Archive for May, 2009

Force vCenter Server update to reflect .vmx changes

May 2nd, 2009

Virtual infrastructure administrators may edit a VM’s .vmx configuration file by hand with vi or nano (my favorite) for a variety of reasons. Efficiency through bulk changes via scripting, troubleshooting a problem, adding unsupported/undocumented .vmx parameters, or a higher comfort level with command line interfaces to name just a few.

Modifying .vmx files by hand is all well and good. Administrators have been doing since since for as far back as I can remember with VMware products. There is an annoying caveat with VMware vCenter Server however. Changes made by hand in the .vmx file may take a while to show up in the Virtual Infrastructure Client. For example, if I’m looking at a VM’s configuration summary in the VIC, and then modify the .vmx file to change the memory configuration from 256MB to 512MB, save and exit, nothing seems to happen in the VIC. I’m looking at the VIC and configured memory of 256MB is staring back at me. It may end up staying this way for quite some time. Removing the VM from inventory and re-adding it to inventory will resolve the issue but that’s drastic, annoying, and it presents the opportunity for more problems. For instance, what if during the import of the VM it lands in the wrong resource pool or VM folder? Suddenly you’re exposed to potential resource contention issues impacting SLAs and incorrect permissions or patch management baselines on the VM.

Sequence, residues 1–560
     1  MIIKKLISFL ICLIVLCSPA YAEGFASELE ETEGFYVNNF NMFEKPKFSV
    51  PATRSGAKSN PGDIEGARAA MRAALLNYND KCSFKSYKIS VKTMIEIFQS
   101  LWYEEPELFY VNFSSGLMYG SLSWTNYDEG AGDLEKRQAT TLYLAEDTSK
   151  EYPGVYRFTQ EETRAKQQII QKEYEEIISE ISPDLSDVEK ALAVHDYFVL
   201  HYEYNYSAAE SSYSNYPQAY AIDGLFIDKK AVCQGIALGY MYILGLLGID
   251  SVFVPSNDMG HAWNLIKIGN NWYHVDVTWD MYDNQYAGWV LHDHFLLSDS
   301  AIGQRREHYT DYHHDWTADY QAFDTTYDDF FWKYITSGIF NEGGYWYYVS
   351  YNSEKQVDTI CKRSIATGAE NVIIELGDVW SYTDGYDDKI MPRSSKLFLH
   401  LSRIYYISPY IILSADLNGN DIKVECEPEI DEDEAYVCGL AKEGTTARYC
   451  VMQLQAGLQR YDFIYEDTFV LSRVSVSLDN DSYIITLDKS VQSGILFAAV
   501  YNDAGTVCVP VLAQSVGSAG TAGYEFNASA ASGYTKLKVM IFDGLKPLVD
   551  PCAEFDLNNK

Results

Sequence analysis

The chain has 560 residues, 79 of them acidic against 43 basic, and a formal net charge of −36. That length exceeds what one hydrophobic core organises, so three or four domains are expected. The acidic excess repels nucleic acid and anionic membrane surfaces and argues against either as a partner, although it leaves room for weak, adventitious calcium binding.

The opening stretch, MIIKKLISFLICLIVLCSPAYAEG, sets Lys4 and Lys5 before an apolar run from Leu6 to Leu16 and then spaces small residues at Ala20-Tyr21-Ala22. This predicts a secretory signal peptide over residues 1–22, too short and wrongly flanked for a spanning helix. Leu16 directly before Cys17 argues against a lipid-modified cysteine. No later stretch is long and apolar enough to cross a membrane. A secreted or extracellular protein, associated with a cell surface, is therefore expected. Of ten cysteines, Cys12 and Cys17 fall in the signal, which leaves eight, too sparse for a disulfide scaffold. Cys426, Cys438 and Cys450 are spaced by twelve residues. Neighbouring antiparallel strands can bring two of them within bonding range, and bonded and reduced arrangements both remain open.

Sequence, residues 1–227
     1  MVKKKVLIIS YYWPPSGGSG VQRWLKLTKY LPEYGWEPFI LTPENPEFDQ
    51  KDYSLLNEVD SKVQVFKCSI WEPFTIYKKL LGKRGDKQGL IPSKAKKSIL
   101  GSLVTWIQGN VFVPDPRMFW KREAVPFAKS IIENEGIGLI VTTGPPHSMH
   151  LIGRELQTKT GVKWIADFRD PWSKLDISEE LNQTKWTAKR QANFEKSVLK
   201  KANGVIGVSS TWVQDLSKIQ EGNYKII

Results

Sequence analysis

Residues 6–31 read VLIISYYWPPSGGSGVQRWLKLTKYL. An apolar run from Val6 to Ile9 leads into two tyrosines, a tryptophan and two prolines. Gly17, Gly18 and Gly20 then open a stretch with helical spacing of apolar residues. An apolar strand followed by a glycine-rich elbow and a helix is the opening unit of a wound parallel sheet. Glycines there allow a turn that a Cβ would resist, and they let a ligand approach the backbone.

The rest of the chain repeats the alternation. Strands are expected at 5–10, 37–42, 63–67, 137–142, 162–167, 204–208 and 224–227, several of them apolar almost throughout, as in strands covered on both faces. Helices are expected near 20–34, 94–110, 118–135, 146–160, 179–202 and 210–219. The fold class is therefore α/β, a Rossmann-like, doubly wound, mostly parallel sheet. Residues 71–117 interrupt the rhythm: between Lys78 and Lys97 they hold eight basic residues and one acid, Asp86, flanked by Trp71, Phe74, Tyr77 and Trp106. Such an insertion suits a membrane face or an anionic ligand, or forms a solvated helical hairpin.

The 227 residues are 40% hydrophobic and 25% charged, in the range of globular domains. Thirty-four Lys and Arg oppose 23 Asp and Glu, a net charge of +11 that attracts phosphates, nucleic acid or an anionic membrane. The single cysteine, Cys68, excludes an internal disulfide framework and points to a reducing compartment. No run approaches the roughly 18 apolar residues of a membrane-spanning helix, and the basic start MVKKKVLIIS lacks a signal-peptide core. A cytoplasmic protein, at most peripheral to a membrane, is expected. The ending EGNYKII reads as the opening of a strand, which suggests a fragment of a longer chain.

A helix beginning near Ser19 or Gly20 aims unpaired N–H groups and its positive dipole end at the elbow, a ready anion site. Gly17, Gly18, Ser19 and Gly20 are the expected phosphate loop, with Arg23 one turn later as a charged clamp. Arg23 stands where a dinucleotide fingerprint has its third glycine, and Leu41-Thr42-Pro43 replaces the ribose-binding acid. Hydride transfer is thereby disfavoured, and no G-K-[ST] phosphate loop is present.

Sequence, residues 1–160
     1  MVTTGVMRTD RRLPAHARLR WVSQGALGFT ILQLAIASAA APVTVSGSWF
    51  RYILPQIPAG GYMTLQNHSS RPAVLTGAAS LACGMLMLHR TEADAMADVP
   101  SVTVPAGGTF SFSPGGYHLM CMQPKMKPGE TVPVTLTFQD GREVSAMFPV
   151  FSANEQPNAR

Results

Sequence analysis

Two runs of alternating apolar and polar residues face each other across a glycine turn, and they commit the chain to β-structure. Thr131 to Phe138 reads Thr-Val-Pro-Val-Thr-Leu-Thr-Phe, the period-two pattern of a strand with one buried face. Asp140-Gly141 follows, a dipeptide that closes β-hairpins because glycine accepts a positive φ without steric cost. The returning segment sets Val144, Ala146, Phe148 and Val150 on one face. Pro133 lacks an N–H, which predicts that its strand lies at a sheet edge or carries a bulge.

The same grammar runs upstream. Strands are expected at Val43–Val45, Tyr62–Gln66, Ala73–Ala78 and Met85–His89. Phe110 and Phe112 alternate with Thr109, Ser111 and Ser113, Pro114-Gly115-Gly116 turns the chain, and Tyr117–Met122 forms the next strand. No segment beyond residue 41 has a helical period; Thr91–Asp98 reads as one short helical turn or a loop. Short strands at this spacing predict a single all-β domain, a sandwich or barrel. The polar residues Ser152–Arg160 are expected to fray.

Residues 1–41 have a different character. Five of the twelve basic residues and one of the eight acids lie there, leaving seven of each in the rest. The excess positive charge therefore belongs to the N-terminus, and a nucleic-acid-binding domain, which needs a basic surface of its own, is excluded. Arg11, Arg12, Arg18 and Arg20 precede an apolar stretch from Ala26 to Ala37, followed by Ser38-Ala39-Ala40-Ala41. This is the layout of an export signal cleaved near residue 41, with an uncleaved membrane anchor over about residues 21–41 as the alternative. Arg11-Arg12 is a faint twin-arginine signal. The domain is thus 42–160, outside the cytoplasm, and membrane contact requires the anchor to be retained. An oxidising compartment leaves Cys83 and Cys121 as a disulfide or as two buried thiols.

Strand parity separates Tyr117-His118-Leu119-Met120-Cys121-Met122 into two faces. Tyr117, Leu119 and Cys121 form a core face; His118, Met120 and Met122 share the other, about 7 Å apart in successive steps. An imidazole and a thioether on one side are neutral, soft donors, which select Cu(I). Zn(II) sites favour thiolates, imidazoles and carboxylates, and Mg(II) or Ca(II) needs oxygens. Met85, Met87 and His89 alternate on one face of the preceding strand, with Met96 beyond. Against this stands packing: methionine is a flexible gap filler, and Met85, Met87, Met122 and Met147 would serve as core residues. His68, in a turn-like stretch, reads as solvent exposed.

There’s an easier way that involves a lot less risk using two vimsh commands at the service console. Here are the steps:

  1. Log on to the service console on the host that the VM is registered on.
  2. In the service console, make the configuration change in the .vmx file and save it.
  3. In the service console, run the command vimsh -ne “vmsvc/getallvms” |grep <vmname> to obtain the VmID of the VM. The VmID will be the first number displayed on the left. Excluding the |grep <vmname> portion of the command will display all VMs registered on the ESX host.
    Example:
    vimsh -ne “vmsvc/getallvms” |grep knoppix
    Returns:
    80 knoppix [msa1000_lun3] knoppix/knoppix.vmx otherLinuxGuest vmx-04 Veeam Backup: Time [4/30/2009 5:46:41 AM], Backup host [SKYWALKER], Backup file [V:\VeeamBackups\Galleon Cluster Backup.vbk]
  4. In the service console, run the command vimsh -ne “vmsvc/reload <VmID>” using the VmID obtained in the previous step.
    Example:
    vimsh -ne “vmsvc/reload 80”
  5. After a few seconds, the configuration change will be received by the vCenter Server and will be reflected in the VIC.

vimsh is a very powerful command line tool. To check out more of its goodness, take a look at xtravirt’s vimsh documentation.